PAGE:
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Ras Al Khaimah

A concerted campaign has seen Ras Al Khaimah in the UAE boost visitor numbers significantly, especially from the UK. Now it must ensure it has enough capacity to house all of its new arrivals, as Natasha Turak reports.

One year ago, Ras Al Khaimah’s primary target was to put itself on the map for tourists. Now the challenge is to ensure supply keeps up with demand.

Tourism in the northern Arab emirate, one of the seven United Arab Emirates, is rapidly picking up momentum. Traditionally a destination for manufacturing FDI, with Ras Al Khaimah Free Trade Zone home to more than 8000 international companies, the government has shifted its focus to tourism development as an engine for job creation and growth.

Natural assets

Ranked one of the safest destinations in the world by the World Economic Forum and offering adventure and resort tourism along its kilometres of diverse terrain, from sandy beaches to rugged peaks, Ras Al Khaimah is making the most of its natural assets.

“The first target in our tourism strategy was 1 million visitors by the end of 2018,” says Haitham Mattar, CEO of the Ras Al Khaimah Tourism Development Authority.

The numbers are looking good. Already the emirate has clocked 10.5% year-on-year growth in visitor numbers, with a 45% growth in visitors from Europe alone. The UK is a major contributor to this, with a 28.5% increase in visitors despite the fall in sterling after the Brexit vote and other regional economic uncertainties.

“To contribute more to the economy and to GDP, we targeted increasing the length of stay by 20%,” says Mr Mattar. “So what we achieved is double-digit growth in tourist visitor numbers.”

Visitor numbers up

Ras Al Khaimah had welcomed just upwards of 650,000 tourists for 2016 by mid-November, and the Tourism Development Authority projects that the number will rise to 840,000 by the end of the year. “That’s an 11% growth year on year once we close the year. Last year, 2015, we had 760,000 visitors. This is a great leap in terms of tourism growth, and we’re well on track to achieve our targets.”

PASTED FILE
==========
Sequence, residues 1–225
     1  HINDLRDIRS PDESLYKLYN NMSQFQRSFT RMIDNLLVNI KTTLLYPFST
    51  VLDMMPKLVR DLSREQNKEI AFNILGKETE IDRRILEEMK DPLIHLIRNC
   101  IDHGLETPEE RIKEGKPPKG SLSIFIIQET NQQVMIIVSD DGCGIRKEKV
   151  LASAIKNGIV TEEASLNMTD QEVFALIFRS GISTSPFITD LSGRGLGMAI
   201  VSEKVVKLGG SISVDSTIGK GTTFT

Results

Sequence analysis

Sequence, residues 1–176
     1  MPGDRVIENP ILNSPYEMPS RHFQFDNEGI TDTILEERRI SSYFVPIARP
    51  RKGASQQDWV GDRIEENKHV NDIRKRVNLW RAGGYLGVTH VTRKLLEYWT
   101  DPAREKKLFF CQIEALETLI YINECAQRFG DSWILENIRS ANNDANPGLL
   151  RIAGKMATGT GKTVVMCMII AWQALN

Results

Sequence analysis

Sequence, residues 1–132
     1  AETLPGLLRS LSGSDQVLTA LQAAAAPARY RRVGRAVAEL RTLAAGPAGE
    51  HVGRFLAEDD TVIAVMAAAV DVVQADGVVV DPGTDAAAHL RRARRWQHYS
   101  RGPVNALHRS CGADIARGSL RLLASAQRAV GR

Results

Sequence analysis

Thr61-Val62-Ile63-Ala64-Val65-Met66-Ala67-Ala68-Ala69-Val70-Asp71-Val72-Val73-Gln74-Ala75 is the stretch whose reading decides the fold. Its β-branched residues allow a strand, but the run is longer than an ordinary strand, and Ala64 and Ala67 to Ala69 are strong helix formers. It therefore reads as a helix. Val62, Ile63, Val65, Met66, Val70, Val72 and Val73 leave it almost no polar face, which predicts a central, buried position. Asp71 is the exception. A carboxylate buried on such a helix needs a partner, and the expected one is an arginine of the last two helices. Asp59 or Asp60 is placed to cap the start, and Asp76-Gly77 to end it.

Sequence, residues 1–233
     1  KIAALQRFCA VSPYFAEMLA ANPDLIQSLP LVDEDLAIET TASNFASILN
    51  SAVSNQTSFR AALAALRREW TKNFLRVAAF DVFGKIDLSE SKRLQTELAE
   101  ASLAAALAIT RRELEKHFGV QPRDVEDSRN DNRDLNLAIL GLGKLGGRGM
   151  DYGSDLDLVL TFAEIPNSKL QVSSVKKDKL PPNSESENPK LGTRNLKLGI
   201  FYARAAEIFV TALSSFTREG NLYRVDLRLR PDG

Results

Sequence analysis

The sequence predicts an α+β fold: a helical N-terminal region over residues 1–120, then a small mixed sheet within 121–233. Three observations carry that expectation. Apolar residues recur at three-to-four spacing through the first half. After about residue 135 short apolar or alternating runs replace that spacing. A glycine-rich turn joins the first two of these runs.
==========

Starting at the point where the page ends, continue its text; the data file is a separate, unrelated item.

Part of Ras Al Khaimah’s growth strategy is its emphasis on international marketing. “What we’ve done differently is spend a huge amount of money within the UK, mainly toward dynamic marketing campaigns, both establishing a presence with our UK office and working more closely with the tour operators and travel agents on the ground,” says Mr Matter. Money spent on marketing in 2016 increased by about 85% on the previous year. 

With its growing number of high-end international hotels, pristine beaches, mountains and cultural sites offering competitive pricing just 45 minutes from Dubai, there can be little wonder the emirate is doing well. But now that tourist numbers have shot up, supply must keep pace.

“There have been hotel expansions. We have 500 to 600 more rooms in the market as new supply, but we’re still somewhat distant from our capacity goal,” says Mr Mattar.

“We’re now growing at about 10.5% in demand, whereas supply is growing by about 3% to 5%. We have about 4000 hotel rooms in the pipeline, and we need 10,000 rooms between now and 2018 to achieve the 1 million visitors target. So we have worked with the government and the developers to encourage more investments in hospitality and hotels.”

More hotels

Recent months have seen the signings of new Sheraton, Movenpick, Millennium and Residor Park hotels, as well as four new hotel signings on Al Marjan island, an investment area belonging to Ras Al Khaimah, whose masterplan includes 20 hotels, food and retail outlets and a marina.

“We encourage investors to put money in this sector given that we’re one of the fastest growing tourism destinations and hotels are seeing great returns, especially this year, from their 12% total revenue growth,” says Mr Mattar. The emirate has also seen RevPAR – revenue per available room – grow about 8.5%. “Investors are always keen to put money in destinations that have occupancies north of 70%,” Mr Mattar.

Ras Al Khaimah stood at 71% occupancy as of November 2016, and aims to close the year at 74% – a 13.5% growth year on year. If having more demand than supply is a problem, says Mr Mattar, it is a rather good problem to have. 

This article is sourced from fDi Magazine
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